Whew, what a difference a year makes. The final quarter of the decade proved to be very different than the nerve-wracking ending of 2018, with risk assets enjoying a strong rally into the end of the year. U.S. stocks soared by almost 9% in the final months of 2019, putting the finishing touches on the best year for the S&P 500 Index since 2013. It was a nearly uninterrupted rally for three months, with the S&P 500 making 22 new record closing highs during the quarter. International stocks weren’t far behind as they gained nearly 8%. Commodities gained nearly 5%, with oil prices taking the lead this time as they jumped by 13%. In fixed income, the broad Bloomberg Barclays Aggregate Bond Index was flat, but that hid some significant dispersion as credit-related bonds rallied while high quality bonds fell. As the year came to close, investors were in great spirits as stocks were sitting just off of the most recent record high of 3,240 on the S&P, reached on December 27th.
Chipping Away at the Wall of Worry
Underpinning recent enthusiasm were signs of progress on a number of fronts that investors had been concerned about. Indeed, there was no shortage of things to worry about in 2019, and all year it seemed to be a classic example of the market scaling a “wall of worry.”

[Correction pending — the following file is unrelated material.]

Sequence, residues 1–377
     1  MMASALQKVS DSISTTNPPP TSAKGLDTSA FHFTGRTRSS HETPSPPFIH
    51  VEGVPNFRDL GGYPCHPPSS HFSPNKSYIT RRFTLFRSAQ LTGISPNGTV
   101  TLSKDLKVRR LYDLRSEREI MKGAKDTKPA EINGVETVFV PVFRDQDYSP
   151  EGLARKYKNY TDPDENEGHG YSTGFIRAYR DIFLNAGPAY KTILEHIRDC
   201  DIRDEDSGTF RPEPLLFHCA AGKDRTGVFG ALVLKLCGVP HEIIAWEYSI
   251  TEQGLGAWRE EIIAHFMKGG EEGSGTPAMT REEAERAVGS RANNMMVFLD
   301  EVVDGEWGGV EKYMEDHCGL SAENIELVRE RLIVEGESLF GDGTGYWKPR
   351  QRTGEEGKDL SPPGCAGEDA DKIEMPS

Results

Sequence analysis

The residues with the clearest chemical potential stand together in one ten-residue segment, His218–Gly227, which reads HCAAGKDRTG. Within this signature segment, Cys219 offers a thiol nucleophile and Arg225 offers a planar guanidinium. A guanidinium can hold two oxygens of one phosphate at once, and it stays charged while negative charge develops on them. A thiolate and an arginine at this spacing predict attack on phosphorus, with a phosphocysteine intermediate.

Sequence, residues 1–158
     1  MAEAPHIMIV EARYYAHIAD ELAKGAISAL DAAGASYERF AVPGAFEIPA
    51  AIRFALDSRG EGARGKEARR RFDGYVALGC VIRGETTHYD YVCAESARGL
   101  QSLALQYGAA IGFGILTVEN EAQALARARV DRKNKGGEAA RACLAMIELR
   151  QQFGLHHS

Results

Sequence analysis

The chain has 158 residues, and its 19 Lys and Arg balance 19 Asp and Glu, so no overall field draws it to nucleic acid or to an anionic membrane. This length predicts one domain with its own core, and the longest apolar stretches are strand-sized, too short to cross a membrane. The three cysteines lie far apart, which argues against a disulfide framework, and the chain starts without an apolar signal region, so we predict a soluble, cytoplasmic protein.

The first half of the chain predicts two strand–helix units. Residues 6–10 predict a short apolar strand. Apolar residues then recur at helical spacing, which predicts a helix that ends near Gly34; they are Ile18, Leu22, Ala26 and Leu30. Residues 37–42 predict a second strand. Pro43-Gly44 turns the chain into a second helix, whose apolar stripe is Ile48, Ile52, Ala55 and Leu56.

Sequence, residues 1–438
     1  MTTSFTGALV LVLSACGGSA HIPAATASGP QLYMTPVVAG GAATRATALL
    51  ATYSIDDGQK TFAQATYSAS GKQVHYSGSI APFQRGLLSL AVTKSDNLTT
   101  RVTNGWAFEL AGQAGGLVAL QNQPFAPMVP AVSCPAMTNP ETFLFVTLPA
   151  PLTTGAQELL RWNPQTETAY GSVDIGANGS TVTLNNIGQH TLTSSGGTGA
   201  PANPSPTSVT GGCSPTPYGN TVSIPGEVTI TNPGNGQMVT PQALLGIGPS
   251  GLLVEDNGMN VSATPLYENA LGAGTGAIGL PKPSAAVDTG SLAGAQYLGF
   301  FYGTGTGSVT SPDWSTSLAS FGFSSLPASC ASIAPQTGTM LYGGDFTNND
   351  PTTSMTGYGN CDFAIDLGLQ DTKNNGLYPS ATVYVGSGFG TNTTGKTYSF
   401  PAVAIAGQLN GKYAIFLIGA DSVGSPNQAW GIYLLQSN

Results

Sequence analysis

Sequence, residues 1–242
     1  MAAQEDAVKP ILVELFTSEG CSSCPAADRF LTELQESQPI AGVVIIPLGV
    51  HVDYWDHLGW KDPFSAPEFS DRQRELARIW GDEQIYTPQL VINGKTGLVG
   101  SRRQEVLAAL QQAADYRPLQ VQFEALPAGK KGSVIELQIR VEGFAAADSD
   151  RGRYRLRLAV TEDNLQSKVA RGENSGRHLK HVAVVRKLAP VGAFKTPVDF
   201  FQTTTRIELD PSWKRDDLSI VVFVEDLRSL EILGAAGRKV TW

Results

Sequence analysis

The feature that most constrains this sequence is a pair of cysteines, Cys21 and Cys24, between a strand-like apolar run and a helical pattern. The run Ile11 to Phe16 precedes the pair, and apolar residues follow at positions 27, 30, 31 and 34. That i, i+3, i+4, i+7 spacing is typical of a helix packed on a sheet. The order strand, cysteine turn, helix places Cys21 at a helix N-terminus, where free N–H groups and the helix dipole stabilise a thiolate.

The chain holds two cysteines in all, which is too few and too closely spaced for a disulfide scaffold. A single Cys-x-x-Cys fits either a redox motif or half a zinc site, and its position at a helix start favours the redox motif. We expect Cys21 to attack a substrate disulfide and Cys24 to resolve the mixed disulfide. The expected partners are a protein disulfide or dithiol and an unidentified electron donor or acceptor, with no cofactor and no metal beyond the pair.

Starting with trade, tensions between the U.S. and China had ratcheted up considerably in the third quarter when the U.S. announced both an increase on existing tariffs and new tariffs, to cover more imports from China. However, negotiations between the two sides continued, and there was a noticeable sense of relief when rumors of a potential “Phase One” deal were reported. There was some initial confusion as to what was agreed to, but the main aspects of the agreement were that the U.S. will partially roll back the tariffs that were instituted in September, and will not go forward with additional tariffs on the remaining $160B of imports that consist primarily of consumer goods. In exchange, China has agreed to increase purchases of U.S. agricultural products to between $40-50B annually, to strengthen protections for intellectual property, and gradually open its financial sector to allow more foreign competition. While the majority of the existing tariffs will remain in place, and tensions between the two countries may flare up again in the future, this Phase One agreement represents a significant de-escalation of trade friction between the two countries and should allow damaged business confidence to rebound.